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A Quick History Of St. Patrick’s Day


Staff Writer

St. Patrick is the patron saint of Ireland. He was born in 387 A.D. to a Roman family living in Britain.  Most of his paternal ancestors were ordained members of the Catholic Church.  When Patrick was a teenager, he was captured by pirates and taken to Ireland. While in Ireland, he received a message from God telling him to escape the island and return home to Britain. 

Eventually the adolescent Patrick was able to sneak away from his captors and return to Britain. He entered a monastery in Germany to become a priest. After entering the priesthood, he received another message from God that the people of Ireland, who were mostly pagans, were calling him back. Patrick continued his studies as a priest and was ordained by his mentor St. Germanus. In 433, Patrick was ordained as a bishop and started his divine mission in Ireland with the intent of converting the polytheistic peoples to Christianity.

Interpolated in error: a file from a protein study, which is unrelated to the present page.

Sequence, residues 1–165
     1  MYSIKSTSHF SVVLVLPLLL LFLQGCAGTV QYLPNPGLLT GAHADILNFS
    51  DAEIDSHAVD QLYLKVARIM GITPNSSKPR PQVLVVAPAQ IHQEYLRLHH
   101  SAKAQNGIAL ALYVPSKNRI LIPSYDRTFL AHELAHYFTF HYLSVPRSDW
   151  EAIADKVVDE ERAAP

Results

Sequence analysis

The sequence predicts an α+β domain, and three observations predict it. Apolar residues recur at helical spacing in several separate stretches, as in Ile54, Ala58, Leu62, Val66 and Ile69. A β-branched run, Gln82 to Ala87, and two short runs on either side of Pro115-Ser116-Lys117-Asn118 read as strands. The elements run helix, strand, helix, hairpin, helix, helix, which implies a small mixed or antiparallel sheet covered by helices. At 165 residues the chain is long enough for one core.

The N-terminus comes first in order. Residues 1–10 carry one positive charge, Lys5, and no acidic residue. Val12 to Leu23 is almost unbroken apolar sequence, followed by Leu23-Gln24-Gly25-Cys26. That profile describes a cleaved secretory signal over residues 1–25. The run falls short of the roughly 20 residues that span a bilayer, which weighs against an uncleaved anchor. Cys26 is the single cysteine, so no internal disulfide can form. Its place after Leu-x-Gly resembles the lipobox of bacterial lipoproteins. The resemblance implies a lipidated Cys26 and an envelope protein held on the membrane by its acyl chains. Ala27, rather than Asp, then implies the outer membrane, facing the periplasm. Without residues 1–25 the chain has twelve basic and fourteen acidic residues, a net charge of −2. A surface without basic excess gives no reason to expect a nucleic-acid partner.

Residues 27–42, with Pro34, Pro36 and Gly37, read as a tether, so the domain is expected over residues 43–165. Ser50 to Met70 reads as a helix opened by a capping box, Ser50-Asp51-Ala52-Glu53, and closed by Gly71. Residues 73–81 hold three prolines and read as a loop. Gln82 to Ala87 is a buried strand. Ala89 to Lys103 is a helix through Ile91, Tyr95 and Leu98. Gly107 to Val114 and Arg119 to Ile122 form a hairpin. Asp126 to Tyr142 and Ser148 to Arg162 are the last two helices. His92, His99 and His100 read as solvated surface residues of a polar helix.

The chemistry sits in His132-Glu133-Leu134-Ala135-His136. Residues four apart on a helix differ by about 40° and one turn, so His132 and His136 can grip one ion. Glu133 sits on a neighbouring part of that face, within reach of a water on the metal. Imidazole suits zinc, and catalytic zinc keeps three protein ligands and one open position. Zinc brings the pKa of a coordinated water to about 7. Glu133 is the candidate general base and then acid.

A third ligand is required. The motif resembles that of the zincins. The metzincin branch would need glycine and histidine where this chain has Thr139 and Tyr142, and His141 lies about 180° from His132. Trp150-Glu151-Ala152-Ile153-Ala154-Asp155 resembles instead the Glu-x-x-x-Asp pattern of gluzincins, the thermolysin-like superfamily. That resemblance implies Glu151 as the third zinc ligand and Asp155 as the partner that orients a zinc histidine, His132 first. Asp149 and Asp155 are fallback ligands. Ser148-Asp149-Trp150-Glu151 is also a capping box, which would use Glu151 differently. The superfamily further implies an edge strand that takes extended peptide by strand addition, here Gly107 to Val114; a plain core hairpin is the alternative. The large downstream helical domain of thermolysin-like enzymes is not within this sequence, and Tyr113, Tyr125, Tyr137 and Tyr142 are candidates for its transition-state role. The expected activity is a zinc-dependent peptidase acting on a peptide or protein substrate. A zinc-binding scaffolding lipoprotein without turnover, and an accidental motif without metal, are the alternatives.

The three-leaf shamrock, which is associated with the secular holiday as we know it today, was a tool that St. Patrick used to explain the Christian theology of the trinity to pagans. As far as wearing green as a tradition of St. Patty’s day, Sarah Cody ’11 comments about the truth.

“Technically, if you’re Irish you don’t have to wear green on St. Patrick’s Day,” Cody said.

Patrick’s mission was successful, in that he converted many of the Irish and gained many disciples. He also established an organized network of churches in Ireland. Patrick continued preaching all over the island until his death on March 17, 461 A.D. 

In the 1600’s, the day of his death was made a Catholic holiday; a day of celebration and feasts. The first St. Patrick’s Day parade took place in New York on March 17, 1762; Irishmen in the English military took to the streets as an example of their heritage and to inspire others with Irish ancestry. 

Then in the mid 1800s an influx of Irish immigrants arrived in America because of the Great Potato Famine, the Irish were popularly viewed as lower-class, unemployable citizens, and the parades were characterized as drunkards filling the streets. Although the immigrants were portrayed negatively by the media, the parades showed the size of the Irish population. Thus in the 19th century the parade evolved into a display of brawn for the Irish as a political adversary.